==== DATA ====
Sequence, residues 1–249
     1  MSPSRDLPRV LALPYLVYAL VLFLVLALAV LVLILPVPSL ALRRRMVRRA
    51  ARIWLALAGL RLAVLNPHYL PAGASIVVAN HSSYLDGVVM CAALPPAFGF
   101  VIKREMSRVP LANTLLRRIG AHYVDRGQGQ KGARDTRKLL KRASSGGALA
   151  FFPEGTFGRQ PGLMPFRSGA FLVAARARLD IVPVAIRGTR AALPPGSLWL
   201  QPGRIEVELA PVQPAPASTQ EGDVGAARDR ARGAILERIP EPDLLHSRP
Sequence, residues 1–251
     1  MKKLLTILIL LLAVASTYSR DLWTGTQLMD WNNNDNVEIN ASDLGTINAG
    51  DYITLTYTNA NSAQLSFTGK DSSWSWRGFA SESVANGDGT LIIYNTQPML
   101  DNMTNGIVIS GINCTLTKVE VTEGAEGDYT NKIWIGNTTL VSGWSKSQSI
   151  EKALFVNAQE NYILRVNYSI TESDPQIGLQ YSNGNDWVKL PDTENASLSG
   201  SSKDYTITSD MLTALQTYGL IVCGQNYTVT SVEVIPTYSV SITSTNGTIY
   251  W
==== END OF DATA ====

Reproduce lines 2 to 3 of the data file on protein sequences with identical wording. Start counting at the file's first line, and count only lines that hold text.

     1  MSPSRDLPRV LALPYLVYAL VLFLVLALAV LVLILPVPSL ALRRRMVRRA
    51  ARIWLALAGL RLAVLNPHYL PAGASIVVAN HSSYLDGVVM CAALPPAFGF